Bad actors secretly infected more than 4,000 websites with the script for a crypto-miner after hacking a single technology provider.
The trouble started on 11 February when Ian Thornton-Trump encountered something concerning while visiting the website for the UK Information Commissioner’s Office (ICO).
Just visiting #ICO page this morning and have some concerns. Can someone have a look and see if this is "me" or "them"? I am all for funding the ICO and the work they do; but this may have some GDPR considerations. https://t.co/o0gmvxxxN0
— Ian Thornton-Trump (@phat_hobbit) February 11, 2018
The LinkedIn-shortened URL leads to a post containing a screenshot of the researcher’s visit to the ICO website. Clearly visible at the top right-hand corner of the page is a security warning indicating the presence of a crypto-miner:
Thornton-Trump didn’t believe what he was seeing at first. As he told The State of Security in a DM:
Ummm, so yeah, this is *bad*. I just had @phat_hobbit point out that @ICOnews has a cryptominer installed on their site… 😮 pic.twitter.com/xQhspR7A2f
— Scott Helme (@Scott_Helme) February 11, 2018
Helme, an information security consultant, got to work exploring what had caused ICO’s website to load up a crypto-miner. He quickly discovered that the offending script for CoinHive, a popular crypto-miner which Check Point named the “most wanted” malware in December 2017, was not hosted by the ICO. Instead he traced the script back to Texthelp, a provider of software which makes websites more accessible for people with dyslexia and other reading difficulties.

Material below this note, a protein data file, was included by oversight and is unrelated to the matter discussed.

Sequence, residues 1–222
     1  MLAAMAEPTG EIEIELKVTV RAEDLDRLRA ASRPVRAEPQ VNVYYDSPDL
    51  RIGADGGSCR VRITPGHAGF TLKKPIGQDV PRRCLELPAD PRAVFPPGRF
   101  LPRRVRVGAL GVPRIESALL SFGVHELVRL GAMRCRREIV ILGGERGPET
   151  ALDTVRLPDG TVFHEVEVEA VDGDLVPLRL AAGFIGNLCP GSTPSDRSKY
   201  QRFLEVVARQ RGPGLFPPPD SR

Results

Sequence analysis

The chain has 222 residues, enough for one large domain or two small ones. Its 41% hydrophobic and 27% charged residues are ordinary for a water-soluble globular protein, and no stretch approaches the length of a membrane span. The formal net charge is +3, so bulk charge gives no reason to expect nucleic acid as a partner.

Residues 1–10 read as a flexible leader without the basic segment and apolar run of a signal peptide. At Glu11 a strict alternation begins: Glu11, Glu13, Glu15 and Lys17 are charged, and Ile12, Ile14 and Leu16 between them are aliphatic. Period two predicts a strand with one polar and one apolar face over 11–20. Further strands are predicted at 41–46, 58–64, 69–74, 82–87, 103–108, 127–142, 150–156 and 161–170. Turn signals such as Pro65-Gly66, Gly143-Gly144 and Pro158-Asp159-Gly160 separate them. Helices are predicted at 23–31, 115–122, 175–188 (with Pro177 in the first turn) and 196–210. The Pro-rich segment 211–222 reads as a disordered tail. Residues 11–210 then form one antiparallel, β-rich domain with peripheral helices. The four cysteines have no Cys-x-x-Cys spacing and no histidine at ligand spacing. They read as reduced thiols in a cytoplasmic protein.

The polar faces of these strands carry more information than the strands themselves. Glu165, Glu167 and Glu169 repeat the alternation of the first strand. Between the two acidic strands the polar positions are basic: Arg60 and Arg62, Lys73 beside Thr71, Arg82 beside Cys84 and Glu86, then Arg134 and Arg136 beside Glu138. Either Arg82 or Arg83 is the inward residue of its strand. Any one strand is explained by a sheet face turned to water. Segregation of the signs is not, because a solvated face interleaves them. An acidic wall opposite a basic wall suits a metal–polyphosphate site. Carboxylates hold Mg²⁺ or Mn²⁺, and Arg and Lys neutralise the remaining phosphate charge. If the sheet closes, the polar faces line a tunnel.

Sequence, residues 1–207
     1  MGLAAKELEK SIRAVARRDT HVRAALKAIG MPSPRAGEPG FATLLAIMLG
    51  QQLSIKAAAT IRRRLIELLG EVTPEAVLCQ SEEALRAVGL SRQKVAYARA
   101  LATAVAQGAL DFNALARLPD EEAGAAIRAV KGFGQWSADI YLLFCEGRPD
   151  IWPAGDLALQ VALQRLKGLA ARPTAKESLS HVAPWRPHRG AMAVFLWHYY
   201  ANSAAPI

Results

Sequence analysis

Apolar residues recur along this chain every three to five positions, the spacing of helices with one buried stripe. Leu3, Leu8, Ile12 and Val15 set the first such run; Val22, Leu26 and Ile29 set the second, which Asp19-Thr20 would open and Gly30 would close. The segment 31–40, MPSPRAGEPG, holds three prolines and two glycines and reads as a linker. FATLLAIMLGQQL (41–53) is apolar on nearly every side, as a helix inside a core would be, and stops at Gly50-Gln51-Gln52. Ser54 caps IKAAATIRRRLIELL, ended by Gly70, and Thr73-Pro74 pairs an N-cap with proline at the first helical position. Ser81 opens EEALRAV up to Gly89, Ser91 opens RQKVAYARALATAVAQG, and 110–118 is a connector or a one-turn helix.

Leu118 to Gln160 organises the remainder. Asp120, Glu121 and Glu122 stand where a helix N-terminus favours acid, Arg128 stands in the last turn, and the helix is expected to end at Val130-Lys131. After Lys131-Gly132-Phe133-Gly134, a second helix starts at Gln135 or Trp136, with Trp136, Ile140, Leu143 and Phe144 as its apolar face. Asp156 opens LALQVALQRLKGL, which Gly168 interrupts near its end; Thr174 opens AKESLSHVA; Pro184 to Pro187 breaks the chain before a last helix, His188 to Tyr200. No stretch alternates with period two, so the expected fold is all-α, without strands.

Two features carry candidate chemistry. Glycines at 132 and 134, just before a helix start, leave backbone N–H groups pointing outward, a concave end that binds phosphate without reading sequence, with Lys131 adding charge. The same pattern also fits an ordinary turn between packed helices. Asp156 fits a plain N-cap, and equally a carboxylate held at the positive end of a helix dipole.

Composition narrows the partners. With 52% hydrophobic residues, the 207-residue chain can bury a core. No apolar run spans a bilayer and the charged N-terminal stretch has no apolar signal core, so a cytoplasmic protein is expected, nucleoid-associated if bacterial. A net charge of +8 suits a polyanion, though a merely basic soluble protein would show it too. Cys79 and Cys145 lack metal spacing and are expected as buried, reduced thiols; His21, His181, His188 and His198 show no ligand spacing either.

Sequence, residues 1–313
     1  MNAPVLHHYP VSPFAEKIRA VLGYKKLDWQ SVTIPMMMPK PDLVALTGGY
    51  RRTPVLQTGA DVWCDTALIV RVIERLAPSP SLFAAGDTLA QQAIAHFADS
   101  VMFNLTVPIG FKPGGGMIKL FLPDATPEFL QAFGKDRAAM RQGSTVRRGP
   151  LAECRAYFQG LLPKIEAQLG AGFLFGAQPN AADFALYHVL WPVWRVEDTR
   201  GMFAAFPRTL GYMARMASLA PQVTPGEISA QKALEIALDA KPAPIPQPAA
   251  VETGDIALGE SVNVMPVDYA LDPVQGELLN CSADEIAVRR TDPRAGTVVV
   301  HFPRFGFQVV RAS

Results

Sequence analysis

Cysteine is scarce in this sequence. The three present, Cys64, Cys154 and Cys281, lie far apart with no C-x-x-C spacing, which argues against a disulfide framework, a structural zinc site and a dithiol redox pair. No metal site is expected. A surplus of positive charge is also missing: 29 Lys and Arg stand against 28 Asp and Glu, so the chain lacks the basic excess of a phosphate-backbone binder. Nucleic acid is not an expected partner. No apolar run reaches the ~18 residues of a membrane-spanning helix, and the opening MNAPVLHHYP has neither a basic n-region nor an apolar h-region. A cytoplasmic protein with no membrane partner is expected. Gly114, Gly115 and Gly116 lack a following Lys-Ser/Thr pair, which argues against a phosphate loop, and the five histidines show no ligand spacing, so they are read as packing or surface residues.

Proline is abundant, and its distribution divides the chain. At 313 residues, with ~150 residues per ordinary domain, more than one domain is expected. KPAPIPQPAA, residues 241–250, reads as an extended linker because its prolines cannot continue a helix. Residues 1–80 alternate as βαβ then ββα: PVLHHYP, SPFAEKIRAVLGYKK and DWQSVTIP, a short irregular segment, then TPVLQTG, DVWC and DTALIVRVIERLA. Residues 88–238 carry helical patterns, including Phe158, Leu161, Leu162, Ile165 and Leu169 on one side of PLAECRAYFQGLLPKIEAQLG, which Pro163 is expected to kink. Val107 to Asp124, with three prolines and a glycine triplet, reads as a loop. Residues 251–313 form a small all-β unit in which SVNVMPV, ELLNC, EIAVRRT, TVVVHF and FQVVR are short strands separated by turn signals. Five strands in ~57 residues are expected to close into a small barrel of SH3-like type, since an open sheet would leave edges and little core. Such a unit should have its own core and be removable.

Here’s what the security consultant found out about the infection:
If you want to load a crypto miner on 1,000+ websites you don’t attack 1,000+ websites, you attack the 1 website that they all load content from. In this case it turned out that Text Help, an assistive technology provider, had been compromised and one of their hosted script files changed. The offending asset can be found here (https://www.browsealoud.com/plus/scripts/ba.js) for the duration it remains but here is the snippet that matters.
Indeed, more than 4,000 websites contained the CoinHive script following the Texthelp hack. Those include City University of New York, the UK Student Loans Company, and others.
After learning of the hack from Helme, Texthelp disabled its Browsealoud feature. Martin McKay, CTO and data security officer, also released a statement acknowledging the attack and reassuring customers that the incident had not affected their data.
Thornton-Trump feels that all domain owners can learn something from this episode:
The aftermath of this type of supply chain cyber security problem is ever present. We have talked on how to prevent the attack; there is debate on whether Content Security Policy and/or Sub resource integrity checking would have stopped or prevented the malicious script from running. What is clear is that cyber criminals are moving hard and fast with their attack techniques and improving their abilities. Crypto-mining opens up endless possibilities of revenue if systems are insecure or even better if they are left to languish. If you’re a trusted site on the internet today, all the components of your site need to be secure. If one fails, you fail. It’s your website, so it needs to be looked after and secured if you want to keep the trust of the customer.
To learn more about how to prevent this type of attack, check out Helme’s posting.
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